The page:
I sat on the shore and looked at May Lynn’s body. It was gathering flies and starting to smell and all I could think of was how she was always clean and pretty, and this wasn’t a thing that should have happened to her. It wasn’t like in the books I had read, and the times I had been to the picture show and people died. They always looked pretty much like they were when they were alive, except sleepy. I saw now that’s not how things were. It wasn’t any different for a dead person than a shot-dead squirrel or a hog with a cut throat hanging over the scalding pot.
Lansdale’s stories always have some strange situations in them, which he come across as everyday events. Here, Sue Ellen is making the decision to move forward with their plan:
I figure when you got right down to it, we weren’t fresh thieves after all, but had had plenty of practice in the cane fields and watermelon patches. Heck, I had started my life of crime sometime back, but had just then realized it. The natural move forward would be to take stolen bank money and spend it on a trip to Hollywood with a dead girl burnt up in a jar.
But soon everyone knows about the “stolen bank money” and Sue Ellen and friends, joined by their suddenly concerned mother, are pursued by the local constable, a nasty Uncle, and the legendary killer and tracker named “Skunk”, hired by May Lynn’s drunken father to get the money back. The group uses a raft on the Sabine River ala Mark Twain to make their initial escape. The Mark Twain Mississippi imagery is transferred to the muddy Sabine, where they pole their raft along, alluding pursuers. Their odyssey takes a Homer-esque turn, with a Sunday church choir dressed in white playing the role of the Sirens, lulling Sue Ellen and co into a sense of security.
Lansdale’s characterizations are colorful and spot-on: Jinx, a strong-willed black girl, tired of the prejudice, trying to escape a hard fate for anything else; Terry, the “sissy” boy, taking on the Lansdale “Hap and Leonard” type role, a gay man trying to fit in, this time translated back in time dealing with prejudices of his own; even Skunk, the killer (though we rarely see him) is brought out in legend and description (ellipsis in the quote added by me to hide any spoilers):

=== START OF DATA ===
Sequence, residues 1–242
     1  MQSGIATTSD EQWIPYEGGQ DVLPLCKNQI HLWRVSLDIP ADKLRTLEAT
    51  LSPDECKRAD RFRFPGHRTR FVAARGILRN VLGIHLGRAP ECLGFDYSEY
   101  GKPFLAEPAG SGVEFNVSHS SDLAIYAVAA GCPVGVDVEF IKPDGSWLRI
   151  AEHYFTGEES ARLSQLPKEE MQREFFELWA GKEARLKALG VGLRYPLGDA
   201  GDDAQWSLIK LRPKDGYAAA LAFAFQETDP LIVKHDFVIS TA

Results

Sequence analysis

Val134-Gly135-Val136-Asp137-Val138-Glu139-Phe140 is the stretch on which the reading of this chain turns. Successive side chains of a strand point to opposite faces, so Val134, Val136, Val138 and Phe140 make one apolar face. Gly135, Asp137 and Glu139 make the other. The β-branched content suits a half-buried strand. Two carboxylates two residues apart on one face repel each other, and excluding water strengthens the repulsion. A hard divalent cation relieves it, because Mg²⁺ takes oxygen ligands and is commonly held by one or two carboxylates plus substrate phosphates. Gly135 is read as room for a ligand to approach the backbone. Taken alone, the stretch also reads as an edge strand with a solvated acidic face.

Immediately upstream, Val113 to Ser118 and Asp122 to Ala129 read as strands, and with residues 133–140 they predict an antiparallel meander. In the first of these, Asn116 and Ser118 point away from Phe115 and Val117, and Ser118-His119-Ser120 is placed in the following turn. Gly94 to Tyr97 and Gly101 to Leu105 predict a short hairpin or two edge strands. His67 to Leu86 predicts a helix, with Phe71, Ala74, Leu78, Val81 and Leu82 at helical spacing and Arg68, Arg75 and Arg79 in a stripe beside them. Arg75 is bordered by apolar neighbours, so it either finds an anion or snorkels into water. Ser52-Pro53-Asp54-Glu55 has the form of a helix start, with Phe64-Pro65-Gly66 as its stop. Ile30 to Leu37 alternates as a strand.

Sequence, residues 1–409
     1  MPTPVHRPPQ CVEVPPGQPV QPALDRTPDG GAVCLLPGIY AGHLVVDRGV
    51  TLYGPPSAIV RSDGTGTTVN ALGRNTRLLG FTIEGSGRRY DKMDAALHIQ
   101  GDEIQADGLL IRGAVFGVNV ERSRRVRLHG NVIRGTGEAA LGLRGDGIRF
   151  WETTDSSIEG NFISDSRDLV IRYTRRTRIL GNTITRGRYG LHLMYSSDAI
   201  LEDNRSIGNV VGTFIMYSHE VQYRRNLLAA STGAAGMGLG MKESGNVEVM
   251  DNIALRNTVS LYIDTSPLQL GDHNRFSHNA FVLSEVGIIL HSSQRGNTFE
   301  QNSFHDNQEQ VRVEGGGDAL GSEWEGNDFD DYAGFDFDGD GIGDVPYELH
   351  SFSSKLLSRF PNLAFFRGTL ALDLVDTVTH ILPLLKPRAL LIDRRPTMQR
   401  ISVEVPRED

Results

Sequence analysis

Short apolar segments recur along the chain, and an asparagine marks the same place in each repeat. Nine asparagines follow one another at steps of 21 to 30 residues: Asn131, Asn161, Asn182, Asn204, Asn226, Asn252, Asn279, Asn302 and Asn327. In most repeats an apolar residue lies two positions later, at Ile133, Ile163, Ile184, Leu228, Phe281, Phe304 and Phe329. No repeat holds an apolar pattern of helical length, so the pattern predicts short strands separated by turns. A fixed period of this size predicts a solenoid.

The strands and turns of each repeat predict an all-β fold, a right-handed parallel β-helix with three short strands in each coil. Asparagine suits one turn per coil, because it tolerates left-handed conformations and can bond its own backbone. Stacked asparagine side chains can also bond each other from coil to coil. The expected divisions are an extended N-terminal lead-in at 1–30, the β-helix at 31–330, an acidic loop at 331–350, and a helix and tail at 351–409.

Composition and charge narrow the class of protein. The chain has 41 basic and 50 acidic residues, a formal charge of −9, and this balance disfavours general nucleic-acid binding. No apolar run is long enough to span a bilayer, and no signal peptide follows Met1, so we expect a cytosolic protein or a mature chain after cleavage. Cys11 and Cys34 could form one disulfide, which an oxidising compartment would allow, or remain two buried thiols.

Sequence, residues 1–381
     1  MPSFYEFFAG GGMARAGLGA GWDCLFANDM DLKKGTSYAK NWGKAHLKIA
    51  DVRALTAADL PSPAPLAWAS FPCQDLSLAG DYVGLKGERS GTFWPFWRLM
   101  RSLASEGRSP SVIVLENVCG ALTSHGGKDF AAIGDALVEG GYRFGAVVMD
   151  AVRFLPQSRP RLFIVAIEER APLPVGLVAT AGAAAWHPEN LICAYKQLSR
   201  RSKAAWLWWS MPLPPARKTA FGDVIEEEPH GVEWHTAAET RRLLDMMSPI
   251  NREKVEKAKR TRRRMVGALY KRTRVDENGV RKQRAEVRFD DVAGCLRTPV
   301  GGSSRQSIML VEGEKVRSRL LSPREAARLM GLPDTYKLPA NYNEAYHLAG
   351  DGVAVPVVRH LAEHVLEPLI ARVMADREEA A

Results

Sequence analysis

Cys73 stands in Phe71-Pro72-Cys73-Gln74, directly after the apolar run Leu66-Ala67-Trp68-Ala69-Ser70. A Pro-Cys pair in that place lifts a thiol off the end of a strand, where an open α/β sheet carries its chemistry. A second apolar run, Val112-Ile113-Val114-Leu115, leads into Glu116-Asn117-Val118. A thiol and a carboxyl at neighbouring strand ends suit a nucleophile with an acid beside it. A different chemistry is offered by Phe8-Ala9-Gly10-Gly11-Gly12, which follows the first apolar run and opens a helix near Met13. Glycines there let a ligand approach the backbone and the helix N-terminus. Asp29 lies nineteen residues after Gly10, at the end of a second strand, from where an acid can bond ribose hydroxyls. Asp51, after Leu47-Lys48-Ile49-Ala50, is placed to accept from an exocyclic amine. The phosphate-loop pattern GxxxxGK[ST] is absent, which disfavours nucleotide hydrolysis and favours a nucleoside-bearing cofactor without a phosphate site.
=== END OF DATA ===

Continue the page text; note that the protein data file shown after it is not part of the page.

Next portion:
He was big and stout and was carrying the cane knife. He had on that derby and his hair was all coiled out from under it, twisted up and full of pine needles and leaves and dirt and such; that bird was there, too, dangling. […] He had a necklace made out of the hands he had recently chopped off,[…] all of them had a strand of leather run through them, and they flapped against his chest as he run, like they was birds attacking him.
My only wishes for the story would have been seeing more of Skunk. While part of the attraction and the suspense were that there were only glimpses of this legendary killer, he was a colorful character, and more physical encounters with him (and a longer final encounter) would have been enjoyable.
Obvious comparisons can be drawn to Lansdale’s The Bottoms, which had a similar setting, a traveling serial killer instead of Skunk. But The Bottoms was a coming-of-age story of a young man; this is a story of escape, told from the perspective of a young woman.
I highly recommend both novels, great tales told very well. The stories are as well put together and flow as evenly as one of Master Lansdale’s round house kicks.